NEW YORK – Just when the US Open was on the verge of its dream weekend, Daniil Medvedev did perhaps the most Medvedev-like thing and messed it all up.
With a stunning 7-6 (7-3), 6-1, 3-6, 6-3 win over Carlos Alcaraz, the reigning champion and 20-year-old wunderkind of the sport, Medvedev – the game’s happy troll, playful wise guy and unorthodox baseliner – took a wrench to the popular plans to watch the next chapter of Alcaraz’s mounting generational rivalry with Novak Djokovic.
Instead of a rematch of the Wimbledon final won by Alcaraz in July, Sunday will bring a rematch of the 2021 US Open title-decider between Medvedev and Djokovic, which the former won.
The Russian is expecting Djokovic, who beat American Ben Shelton 6-3, 6-2, 7-6 (7-4), to be in top form, but he added that he will try to produce his “best-ever version” to beat the 23-time Grand Slam champion.
“He (Djokovic) is always better than the previous time he plays,” said Medvedev.
“For example, I beat him in the US Open final, he beat me in Paris Masters… Carlos beat him in Wimbledon, he beat him in Cincinnati.
“Novak is going to be his best version on Sunday, and I have to be the best-ever version of myself to beat him.
“Novak, when he loses, he’s never the same after… It’s just a different mentality. So, I have to use it knowing that he’s going to be 10 times better than he was that day. And I have to be 10 times better than I was that day.”
The 27-year-old, however, said nothing will change much and he would stick to his pre-match routine before facing the 36-year-old veteran Serb.
“I’m going to do all the same. It’s just the mental preparation where… you want to fight till the end, you want to win, and that’s how you should be in the final of a Grand Slam,” he said.
He also said the win against Alcaraz was a confidence boost and acknowledged that he would be “hell disappointed” if he were to lose the final despite a successful run at New York.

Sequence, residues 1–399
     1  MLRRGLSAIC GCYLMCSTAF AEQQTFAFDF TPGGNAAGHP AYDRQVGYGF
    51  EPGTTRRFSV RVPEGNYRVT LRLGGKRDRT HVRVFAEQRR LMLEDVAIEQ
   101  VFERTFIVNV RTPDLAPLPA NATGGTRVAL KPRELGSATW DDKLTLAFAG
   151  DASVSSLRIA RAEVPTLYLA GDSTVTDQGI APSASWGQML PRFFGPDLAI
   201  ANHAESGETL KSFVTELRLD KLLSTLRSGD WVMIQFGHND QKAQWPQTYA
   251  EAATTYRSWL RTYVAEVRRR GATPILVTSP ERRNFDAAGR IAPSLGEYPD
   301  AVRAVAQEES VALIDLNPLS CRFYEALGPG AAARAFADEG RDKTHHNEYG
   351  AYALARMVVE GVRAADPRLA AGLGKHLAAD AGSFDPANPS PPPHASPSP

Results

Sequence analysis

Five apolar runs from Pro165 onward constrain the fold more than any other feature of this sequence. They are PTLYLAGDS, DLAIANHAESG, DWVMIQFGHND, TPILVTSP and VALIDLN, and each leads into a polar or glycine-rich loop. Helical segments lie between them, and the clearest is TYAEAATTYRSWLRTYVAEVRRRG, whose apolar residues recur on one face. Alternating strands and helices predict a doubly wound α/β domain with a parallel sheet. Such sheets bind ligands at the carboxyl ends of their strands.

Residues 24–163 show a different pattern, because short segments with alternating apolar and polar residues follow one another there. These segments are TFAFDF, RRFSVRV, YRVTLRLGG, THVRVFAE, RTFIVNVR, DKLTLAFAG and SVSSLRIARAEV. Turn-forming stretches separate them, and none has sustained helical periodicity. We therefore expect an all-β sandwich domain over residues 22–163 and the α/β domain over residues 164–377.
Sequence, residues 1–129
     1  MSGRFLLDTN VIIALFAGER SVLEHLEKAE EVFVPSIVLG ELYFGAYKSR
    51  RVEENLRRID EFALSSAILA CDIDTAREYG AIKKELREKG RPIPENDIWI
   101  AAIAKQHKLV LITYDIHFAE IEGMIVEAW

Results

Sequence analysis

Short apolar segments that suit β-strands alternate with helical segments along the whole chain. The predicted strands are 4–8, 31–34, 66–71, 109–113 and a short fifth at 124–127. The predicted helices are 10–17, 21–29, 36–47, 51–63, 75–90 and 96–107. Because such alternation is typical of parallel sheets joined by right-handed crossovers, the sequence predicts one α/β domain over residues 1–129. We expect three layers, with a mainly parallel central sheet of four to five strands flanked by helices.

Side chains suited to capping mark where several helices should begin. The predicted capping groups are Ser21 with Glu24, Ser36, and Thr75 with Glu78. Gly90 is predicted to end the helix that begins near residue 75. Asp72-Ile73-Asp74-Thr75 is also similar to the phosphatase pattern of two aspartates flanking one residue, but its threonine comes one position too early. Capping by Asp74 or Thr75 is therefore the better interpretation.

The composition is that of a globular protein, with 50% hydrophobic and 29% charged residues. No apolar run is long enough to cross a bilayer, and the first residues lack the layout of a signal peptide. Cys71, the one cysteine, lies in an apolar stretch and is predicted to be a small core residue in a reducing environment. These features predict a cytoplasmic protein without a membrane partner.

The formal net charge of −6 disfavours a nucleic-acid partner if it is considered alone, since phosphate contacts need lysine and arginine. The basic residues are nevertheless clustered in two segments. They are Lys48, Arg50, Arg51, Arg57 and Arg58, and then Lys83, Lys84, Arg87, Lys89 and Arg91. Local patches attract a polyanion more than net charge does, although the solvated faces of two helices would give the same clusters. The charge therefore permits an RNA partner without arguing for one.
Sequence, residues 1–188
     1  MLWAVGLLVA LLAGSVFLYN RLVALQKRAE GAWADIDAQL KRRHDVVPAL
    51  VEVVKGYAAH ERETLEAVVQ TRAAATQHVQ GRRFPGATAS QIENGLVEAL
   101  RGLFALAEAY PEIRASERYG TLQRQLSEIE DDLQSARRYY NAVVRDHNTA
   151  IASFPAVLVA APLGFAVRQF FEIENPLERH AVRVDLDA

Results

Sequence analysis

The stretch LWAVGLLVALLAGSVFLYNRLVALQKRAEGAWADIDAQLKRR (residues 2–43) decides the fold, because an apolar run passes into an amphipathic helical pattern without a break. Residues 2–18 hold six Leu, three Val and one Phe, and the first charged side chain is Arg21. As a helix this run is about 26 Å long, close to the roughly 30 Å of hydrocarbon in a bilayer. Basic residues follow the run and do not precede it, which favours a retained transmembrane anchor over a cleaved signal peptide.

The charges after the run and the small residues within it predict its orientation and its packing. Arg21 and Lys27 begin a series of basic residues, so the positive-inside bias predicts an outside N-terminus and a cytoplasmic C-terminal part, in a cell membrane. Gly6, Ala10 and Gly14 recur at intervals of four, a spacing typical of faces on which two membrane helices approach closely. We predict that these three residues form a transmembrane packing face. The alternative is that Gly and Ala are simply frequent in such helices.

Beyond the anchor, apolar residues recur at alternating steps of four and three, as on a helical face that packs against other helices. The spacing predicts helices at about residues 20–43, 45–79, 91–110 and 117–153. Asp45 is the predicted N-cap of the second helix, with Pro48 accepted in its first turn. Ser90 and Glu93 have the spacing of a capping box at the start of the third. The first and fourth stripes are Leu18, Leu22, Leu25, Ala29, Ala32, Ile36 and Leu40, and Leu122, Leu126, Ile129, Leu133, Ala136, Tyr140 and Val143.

“To know I’m capable of doing it on the big stage… every time you win one more time it brings more confidence,” Medvedev added.
“You know you can do it again. You want to do it again. You want to feel this. And at the same time, what is most important is to forget about it and go for the next one.”
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Djokovic is hunting a fourth US Open title that would see him equal Margaret Court’s record haul of 24 Grand Slams and a good measure of revenge on Medvedev.
He is about to play his fourth Major final this season, and he has already won two, the Australian and French Opens.
However, he insisted that he was not focusing on the significance of a 24th title.
“(I don’t) think about the history too much, because when I did that in the past, like in the 2021 finals here I was maybe overwhelmed with the occasion and the opportunity (of a calendar Slam) and I underperformed,” he said.
“So I don’t want this to happen again, and I’ll try to, you know, just focus on what needs to be done and tactically prepare myself for that match.”
Djokovic, who will take the top spot in the world rankings when they update after the tournament, added that he could have clinched the 24th Grand Slam at Wimbledon but he “lost to a better player” in Alcaraz.
So, like Medvedev believes, chances are the Serb will bounce back strong on Sunday.
“Every time in a Grand Slam final it’s another shot for history and I’m aware of it,” Djokovic said.
“But… I don’t have much time nor do I allow myself to reflect on these things.
“(For the final) I will always believe in myself, in my own capabilities, in my quality as a tennis player to be able to deliver when it matters.” NYTIMES, REUTERS
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